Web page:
Southern District of New York Decision Deals Heavy Blow to Mass Copyright Suit Profiteers Digitprotect
Last week, in Digiprotect USA Corp. v. Does 1-266, 10 CIV. 8759 TPG, 2011 WL 1466073 (S.D.N.Y. Apr. 13, 2011), the U.S. District Court for the Southern District of New York, determined that its concerns regarding the potential for unfairly “ensnaring unsophisticated individuals from around the country” in mass BitTorrent and P2P copyright infringement suits justified limiting discovery to those Doe defendants for whom a prima facie showing of personal jurisdiction could be made. In doing so, the court dramatically reduced the number of potential defendants in the plaintiff’s case from 266 to 15.
The plaintiff, Digitprotect, is a German-based company known for purchasing limited copyrights from film producers for pornographic films so that it may then enforce those rights and “educate” consumers by bringing mass lawsuits and seeking modest settlements from individuals who have illegally downloaded or shared the film via BitTorrent or peer-to-peer networks. However, before Digiprotect can seek settlements from consumers, it must first be able to identify them. Thus, Digiprotect filed suit in the Southern District of New York and sought expedited discovery from Internet Service Providers for the identities of 266 users associated with IP addresses linked to infringing activity.
The Court initially granted discovery, but two ISPs, Comcast and Time Warner Cable sought protective orders arguing in part that the Court lacked personal jurisdiction over the defendants. Indeed, based on testimony from the ISPs and Digiprotect, the Court found that out of the 266 IP addresses identified by Digiprotect in its complaint, only 10-15 were associated with account holders located in the state of New York. Faced with this evidence, the Court expressed concern that allowing plaintiffs to seek broad discovery against all of the IP addresses, might lead defendants who are not subject to personal jurisdiction in New York to waive that objection and settle rather than devote the time and money necessary to fight jurisdiction. As such, the Court limited Digiprotect to seeking discovery as it relates to those individuals for whom a prima facie showing of personal jurisdiction can be made, or in this case those Doe defendants specifically linked to an ISP account located in the state of New York, stating “[s]uch a showing is particularly important in a case such as this, where defendants will likely be unaware of their rights and unable to afford an attorney.” In support of this limitation the Court stated:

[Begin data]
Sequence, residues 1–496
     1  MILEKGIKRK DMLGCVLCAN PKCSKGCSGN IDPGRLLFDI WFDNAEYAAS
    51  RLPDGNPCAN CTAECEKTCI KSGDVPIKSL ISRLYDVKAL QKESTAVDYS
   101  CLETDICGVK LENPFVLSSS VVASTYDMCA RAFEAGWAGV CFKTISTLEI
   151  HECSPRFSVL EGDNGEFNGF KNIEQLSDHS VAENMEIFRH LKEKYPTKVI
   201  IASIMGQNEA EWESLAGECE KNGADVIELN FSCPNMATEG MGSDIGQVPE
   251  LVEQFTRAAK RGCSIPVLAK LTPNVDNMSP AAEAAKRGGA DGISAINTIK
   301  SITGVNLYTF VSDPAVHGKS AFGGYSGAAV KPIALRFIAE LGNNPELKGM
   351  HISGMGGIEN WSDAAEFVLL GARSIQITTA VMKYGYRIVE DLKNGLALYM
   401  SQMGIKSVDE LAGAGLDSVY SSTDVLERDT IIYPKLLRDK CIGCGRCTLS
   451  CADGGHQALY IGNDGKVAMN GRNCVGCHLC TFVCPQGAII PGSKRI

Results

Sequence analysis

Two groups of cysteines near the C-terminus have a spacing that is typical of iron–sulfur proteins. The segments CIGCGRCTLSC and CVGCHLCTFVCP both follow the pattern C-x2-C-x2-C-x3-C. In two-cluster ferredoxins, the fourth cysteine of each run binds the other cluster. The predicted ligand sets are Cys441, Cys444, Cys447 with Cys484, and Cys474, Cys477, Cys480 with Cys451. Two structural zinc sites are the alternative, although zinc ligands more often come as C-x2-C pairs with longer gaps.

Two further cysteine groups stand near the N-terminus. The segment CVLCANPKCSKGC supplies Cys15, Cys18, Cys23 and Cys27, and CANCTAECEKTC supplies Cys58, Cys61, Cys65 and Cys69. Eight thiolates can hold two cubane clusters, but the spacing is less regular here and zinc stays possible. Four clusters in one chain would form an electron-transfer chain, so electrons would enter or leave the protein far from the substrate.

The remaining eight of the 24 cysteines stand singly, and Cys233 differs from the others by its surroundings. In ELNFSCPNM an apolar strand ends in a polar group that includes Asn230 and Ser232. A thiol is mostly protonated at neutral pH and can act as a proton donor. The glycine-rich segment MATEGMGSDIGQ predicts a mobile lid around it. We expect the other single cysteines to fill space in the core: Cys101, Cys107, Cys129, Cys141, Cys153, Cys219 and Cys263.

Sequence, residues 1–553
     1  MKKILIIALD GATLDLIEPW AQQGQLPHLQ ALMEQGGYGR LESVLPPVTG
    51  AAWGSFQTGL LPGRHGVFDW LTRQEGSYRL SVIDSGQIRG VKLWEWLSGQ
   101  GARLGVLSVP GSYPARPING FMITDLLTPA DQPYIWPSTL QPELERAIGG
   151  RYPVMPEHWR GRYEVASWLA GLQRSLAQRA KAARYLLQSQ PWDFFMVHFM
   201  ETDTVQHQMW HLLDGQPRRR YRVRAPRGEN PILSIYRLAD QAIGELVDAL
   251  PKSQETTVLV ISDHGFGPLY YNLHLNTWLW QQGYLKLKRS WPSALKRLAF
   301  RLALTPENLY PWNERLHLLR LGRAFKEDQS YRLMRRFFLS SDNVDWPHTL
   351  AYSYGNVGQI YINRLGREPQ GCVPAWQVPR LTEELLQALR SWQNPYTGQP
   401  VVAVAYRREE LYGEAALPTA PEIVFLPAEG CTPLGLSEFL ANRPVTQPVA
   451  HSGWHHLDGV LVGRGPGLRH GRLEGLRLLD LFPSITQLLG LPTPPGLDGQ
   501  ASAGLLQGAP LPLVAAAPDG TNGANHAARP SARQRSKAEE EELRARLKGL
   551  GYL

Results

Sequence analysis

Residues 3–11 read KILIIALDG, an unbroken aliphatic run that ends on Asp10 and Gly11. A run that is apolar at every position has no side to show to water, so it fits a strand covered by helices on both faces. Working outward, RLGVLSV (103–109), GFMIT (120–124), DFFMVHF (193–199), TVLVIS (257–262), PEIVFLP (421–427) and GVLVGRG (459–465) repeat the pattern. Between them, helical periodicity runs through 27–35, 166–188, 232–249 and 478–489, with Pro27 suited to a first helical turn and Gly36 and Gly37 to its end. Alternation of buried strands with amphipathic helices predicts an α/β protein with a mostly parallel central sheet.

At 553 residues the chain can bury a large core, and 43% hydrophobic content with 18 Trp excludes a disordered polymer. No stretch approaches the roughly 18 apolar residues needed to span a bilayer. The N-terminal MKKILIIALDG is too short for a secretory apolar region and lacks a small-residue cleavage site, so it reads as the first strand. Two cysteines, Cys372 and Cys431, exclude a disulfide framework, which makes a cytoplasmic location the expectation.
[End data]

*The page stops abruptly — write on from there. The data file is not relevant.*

Digiprotect has made no showing that any of the Doe defendants expected or reasonably should have expected their downloading of this film to have consequences in New York, particularly when the producer of the film is located in California. Furthermore, Digiprotect surely has no basis from which to allege that the unknown defendants derived substantial revenue from interstate or international commerce.
Since Digiprotect can thus make no prima facie showing of long-arm jurisdiction over out-of-state defendants, it is left with only those defendants present in the jurisdiction, over whom the court has in personam jurisdiction. Under these circumstances, the court is satisfied that a showing that an ISP account is located in the state of New York and corresponds to the alleged infringing of Digiprotect’s copyright is enough to make a prima facie showing of in personam jurisdiction with regard to the holder of that ISP account.
By requiring the plaintiff in this case to make a showing regarding jurisdiction, the Court has likely reduced the number of similar cases that will be brought in the future in New York, as it will be far more costly for plaintiffs to identify the infringing parties. Due to the recent surge in popularity of mass BitTorrent and P2P copyright suits, it will be interesting to see if more jurisdictions adopt such a limited approach to discovery in these cases.